Cervical dysplasia is a precancerous condition caused by the human papilloma virus(HPV). The condition is also referred to as squamous intra-epithelial lesion which gradually progresses to cervical cancer.
This condition is characterized by the appearance of abnormal cells (dysplasia) on the surface of the cervix. The condition does not always necessarily progress to cancer. Some smaller lesions regress on their own, while other lesions progress to cervical dysplasia. It is generally asymptomatic and can be detected with the help of pap-smear by analyzing the exfoliated cervicovaginal cells. It is generally seen in women of age group of 25 to 35 years of age. HPV virus generally spreads through sexual contact.
The changes are generally seen on the pap smear. Depending on the severity of the condition it may be graded into three categories:
-Possibly cancerous (malignant)
WHO estimates that 74,000 Indian women lose their lives every year due to cervical cancer.
More than 95% of prolonged HPV infections turn cancerous over 15 to 20 yrs.
According to the studies carried out by WHO, the number of deaths can be reduced to almost half by getting themselves tested by a single screening test.
Symptoms: The condition is generally asymptomatic or usually presents with no symptoms.
Certain individuals are more prone to develop cervical dysplasia:
- Women who have suppressed immune system.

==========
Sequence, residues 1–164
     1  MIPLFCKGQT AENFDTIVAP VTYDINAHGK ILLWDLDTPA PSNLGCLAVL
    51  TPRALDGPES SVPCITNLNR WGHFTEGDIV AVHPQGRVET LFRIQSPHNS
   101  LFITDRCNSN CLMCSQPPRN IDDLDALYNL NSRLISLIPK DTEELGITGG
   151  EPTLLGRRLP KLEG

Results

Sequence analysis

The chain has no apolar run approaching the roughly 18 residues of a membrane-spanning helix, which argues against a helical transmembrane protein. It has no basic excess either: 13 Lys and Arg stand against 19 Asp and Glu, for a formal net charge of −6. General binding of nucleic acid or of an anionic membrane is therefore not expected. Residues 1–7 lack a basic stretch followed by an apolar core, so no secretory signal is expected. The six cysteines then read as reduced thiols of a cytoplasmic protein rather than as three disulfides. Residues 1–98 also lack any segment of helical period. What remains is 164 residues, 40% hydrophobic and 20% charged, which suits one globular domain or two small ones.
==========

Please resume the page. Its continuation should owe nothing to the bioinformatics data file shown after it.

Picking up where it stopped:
- Foul odor, heavy vaginal discharge
- Pelvic pain and pain during urination.
- Routine pelvic examination is done, particularly for women over 30 years.
- Further testing should be carried out in individuals with abnormalities detected in the pap-smear.
- Colonoscopy directed biopsy should be done to confirm the condition and its severity.
- Regular pap-smear examination should be carried out at regular intervals for individuals with mild abnormalities.
Factors that may increase the changes for the condition turning cancerous:
- i. Lack of personal hygiene
- ii. Multiple pregnancies
- iii. Imbalanced nutrition
- iv. Multiple sexual partners
- v. Smoking
- vi. Use of oral contraceptive pills
- vii. Early marriage or early onset of sexual activity.
In most cases of cervical dysplasia, the treatment depends on the degree of severity.
Mild dysplasia cases might regress on their own.
Regular visits to the doctor for a thorough medical check-up is a must in every 3-6 months (pap smear examination).
If the symptoms are persistent for 2 years or more, then treatment is generally recommended.
In moderate to severe cases of cervical dysplasia following is the recommended treatment:
-Cone biopsy (procedure in which the abnormal tissue is removed)
-Lasers to destroy abnormal tissues
–Prognosis is generally good in mild cervical dysplasia cases
-When the condition is not treated, it may turn cancerous.
–Since cervical dysplasia is a precancerous condition it may take time to progress into a malignancy or a cancerous condition.
-Regular medical check-ups and pelvic examination should be carried out in women above 21 years of age.
-Vaccinations for HPV should be taken between 10 to 25 years of age.
-Safe sex methods should be encouraged.
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